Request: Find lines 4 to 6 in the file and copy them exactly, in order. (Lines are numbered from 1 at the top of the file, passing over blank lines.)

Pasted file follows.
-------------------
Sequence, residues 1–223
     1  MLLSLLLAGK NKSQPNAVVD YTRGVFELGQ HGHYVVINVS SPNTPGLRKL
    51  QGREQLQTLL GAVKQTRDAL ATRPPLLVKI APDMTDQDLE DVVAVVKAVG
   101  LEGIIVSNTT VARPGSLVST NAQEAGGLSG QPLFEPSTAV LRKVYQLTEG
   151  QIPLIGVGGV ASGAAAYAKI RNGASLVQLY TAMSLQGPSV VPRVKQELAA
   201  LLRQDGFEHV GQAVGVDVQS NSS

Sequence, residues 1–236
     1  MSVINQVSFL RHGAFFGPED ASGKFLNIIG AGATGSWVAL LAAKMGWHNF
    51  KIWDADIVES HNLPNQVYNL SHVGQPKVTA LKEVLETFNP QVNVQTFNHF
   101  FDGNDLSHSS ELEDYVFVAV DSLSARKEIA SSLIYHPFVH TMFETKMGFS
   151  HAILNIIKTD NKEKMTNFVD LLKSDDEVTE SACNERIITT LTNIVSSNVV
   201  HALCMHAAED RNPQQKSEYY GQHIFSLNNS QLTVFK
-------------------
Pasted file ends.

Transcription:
   101  LEGIIVSNTT VARPGSLVST NAQEAGGLSG QPLFEPSTAV LRKVYQLTEG
   151  QIPLIGVGGV ASGAAAYAKI RNGASLVQLY TAMSLQGPSV VPRVKQELAA
   201  LLRQDGFEHV GQAVGVDVQS NSS